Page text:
The bad part and the part that was worse were behind them now. Nick had climbed over many logs that were higher than his head and others that were up to his waist. He would take the rifle and lay it down on the top of the log and pull his sister up and then she would slide down on the far side or he would lower himself down and take the rifle and help the girl down. They went over and around piles of brush and it was hot in the slashing, and the pollen from the rag­weed and the fireweed dusted the girl’s hair and made her sneeze.

“Damn slashings,” she said to Nick. They were resting on top of a big log ringed where they sat by the cutting of the barkpeelers. The ring was gray in the rotting gray log and all around were other long gray trunks and gray brush and branches with the brilliant and worthless weeds growing.

“This is the last one,” Nick said.

“I hate them,” his sister said. “And the damn weeds are like flowers in a tree cemetery if nobody took care of it.”

“You see why I didn’t want to try to make it in the dark.”

“We couldn’t.”

“No. And nobody’s going to chase us through here. Now we come into the good part.”

They came from the hot sun of the slashings into the shade of the great trees. The slashings had run up to the top of a ridge and over and then the forest began. They were walking on the brown forest floor now and it was springy and cool under their feet. There was no underbrush and the trunks of the trees rose sixty feet high before there were any branches. It was cool in the shade of the trees and high up in them Nick could hear the breeze that was rising. No sun came through as they walked and Nick knew there would be no sun through the high top branches until nearly noon. His sister put her hand in his and walked close to him.

“I’m not scared, Nickie. But it makes me feel very strange.”

“Me, too,” Nick said. “Always.”

“I never was in woods like these.”

“This is all the virgin timber left around here.”

“Do we go through it very long?”

“Quite a way.”

“I’d be afraid if I were alone.”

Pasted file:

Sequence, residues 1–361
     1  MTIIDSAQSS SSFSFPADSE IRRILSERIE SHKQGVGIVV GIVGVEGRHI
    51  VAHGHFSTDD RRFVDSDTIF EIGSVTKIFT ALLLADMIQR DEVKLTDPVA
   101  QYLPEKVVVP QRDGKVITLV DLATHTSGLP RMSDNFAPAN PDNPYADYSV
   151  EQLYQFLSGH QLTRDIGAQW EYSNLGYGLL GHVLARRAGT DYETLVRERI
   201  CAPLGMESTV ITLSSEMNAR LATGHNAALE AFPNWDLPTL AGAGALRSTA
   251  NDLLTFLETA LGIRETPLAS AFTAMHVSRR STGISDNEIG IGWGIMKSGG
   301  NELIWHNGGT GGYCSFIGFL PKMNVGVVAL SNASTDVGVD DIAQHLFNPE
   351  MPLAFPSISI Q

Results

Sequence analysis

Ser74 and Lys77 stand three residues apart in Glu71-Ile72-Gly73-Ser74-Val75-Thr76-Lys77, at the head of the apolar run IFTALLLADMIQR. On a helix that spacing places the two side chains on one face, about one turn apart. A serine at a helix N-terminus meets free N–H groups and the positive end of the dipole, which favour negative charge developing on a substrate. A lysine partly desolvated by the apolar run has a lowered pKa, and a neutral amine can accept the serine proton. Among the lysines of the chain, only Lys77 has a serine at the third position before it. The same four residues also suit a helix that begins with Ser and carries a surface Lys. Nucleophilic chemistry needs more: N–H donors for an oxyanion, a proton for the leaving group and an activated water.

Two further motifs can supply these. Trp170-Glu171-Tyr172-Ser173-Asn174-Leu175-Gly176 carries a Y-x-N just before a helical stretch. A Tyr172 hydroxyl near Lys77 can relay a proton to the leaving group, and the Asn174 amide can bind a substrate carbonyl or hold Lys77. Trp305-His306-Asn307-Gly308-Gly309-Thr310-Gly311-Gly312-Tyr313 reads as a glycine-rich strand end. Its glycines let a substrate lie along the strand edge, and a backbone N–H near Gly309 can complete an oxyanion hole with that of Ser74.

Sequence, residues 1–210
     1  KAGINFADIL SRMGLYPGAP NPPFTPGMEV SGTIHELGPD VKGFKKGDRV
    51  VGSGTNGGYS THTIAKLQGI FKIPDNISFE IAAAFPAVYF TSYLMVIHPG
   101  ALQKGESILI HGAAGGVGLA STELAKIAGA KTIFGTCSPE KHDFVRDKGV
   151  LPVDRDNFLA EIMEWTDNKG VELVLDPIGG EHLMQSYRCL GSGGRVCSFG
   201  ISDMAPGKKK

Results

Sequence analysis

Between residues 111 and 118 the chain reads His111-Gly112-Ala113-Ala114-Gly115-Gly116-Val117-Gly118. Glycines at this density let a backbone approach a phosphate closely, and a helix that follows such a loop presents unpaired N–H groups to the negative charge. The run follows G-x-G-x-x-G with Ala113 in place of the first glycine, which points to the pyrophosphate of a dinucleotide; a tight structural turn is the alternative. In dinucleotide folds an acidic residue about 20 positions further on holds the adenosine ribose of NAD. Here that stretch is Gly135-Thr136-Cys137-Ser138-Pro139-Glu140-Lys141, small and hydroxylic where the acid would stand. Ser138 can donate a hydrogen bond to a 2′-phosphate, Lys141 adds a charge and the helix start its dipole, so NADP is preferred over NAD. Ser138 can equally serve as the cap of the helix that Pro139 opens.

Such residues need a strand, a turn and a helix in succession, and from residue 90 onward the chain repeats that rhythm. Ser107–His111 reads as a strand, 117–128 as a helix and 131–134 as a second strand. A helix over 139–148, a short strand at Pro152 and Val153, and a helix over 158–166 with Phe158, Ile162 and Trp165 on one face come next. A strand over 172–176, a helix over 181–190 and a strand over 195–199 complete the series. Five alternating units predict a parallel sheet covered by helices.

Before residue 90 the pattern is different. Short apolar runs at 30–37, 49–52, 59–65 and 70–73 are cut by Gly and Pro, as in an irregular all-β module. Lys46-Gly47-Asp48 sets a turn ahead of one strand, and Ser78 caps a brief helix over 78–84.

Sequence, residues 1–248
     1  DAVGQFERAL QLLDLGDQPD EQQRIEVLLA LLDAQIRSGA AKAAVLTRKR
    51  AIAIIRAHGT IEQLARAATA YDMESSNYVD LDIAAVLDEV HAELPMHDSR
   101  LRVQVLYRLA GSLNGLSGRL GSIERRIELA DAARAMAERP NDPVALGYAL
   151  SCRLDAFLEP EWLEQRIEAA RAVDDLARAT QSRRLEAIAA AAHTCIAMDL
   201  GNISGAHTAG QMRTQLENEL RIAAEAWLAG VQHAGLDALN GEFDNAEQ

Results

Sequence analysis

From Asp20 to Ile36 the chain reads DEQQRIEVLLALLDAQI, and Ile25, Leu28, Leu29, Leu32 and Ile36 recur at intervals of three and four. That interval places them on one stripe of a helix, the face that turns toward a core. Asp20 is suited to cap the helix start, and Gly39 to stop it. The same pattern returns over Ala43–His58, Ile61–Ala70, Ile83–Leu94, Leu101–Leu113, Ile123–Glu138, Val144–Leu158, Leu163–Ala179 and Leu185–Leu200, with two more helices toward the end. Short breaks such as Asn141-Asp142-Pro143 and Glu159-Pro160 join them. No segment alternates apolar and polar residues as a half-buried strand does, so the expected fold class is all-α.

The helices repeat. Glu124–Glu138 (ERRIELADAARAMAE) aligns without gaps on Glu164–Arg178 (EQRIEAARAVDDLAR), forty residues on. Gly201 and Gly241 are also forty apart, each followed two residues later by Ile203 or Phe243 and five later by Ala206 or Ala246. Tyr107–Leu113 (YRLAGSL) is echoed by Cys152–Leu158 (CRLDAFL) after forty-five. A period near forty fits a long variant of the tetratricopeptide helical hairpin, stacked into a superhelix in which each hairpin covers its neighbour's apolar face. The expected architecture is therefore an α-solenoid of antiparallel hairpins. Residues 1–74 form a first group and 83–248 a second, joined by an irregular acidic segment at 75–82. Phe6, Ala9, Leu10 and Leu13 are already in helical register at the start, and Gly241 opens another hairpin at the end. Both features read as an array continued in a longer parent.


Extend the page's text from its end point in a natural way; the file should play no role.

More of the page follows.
“It makes me feel strange. But I’m not afraid.”

“I said that first.”

“I know. Maybe we say it because we are afraid.”

“No. I’m not afraid because I’m with you. But I know I’d be afraid alone. Did you ever come here with anyone else?”

“No. Only by myself.”

“And you weren’t afraid?”

“No. But I always feel strange. Like the way I ought to feel in church.”

“Nickie, where we’re going to live isn’t as solemn as this, is it?”

“No. Don’t you worry. There it’s cheerful. You must enjoy this, Littless. This is good for you. This is the way forests were in the olden days. This is about the last good country there is left. Nobody gets in here ever.”

“I love the olden days. But I wouldn’t want it all this solemn.”

“It wasn’t all solemn. But the hemlock forests were.”

“It’s wonderful walking. I thought behind our house was wonderful. But this is better. Nickie, do you believe in God? You don’t have to answer if you don’t want to.”

“I don’t know.”

“All right. You don’t have to say it. But you don’t mind if I say my prayers at night?”

“No. I’ll remind you if you forget.”

“Thank you. Because this kind of woods makes me feel awfully religious.”

“That’s why they build cathedrals to be like this.”

“You’ve never seen a cathedral, have you?”

“No. But I’ve read about them and I can imagine them. This is the best one we have around here.”

“Do you think we can go to Europe some time and see cathedrals?”

“Sure we will. But first I have to get out of this trouble and learn how to make some money.”

“Do you think you’ll ever make money writing?”

“If I get good enough.”

Page: 1 2 3 4 5 6 7 8 9 10 11 12 13 14 15 16 17 18 19 20 21 22 23 24 25 26 27 28 29 30 31 32 33 34 35 36 37 38 39 40 41 42 43 44 45 46 47 48 49 50 51 52 53 54 55 56 57 58 59 60 61 62 63 64 65 66 67 68 69 70 71 72 73 74 75 76 77 78 79 80 81 82 83 84 85 86 87 88 89 90 91 92 93 94 95 96 97 98

Categories: Hemingway, Ernest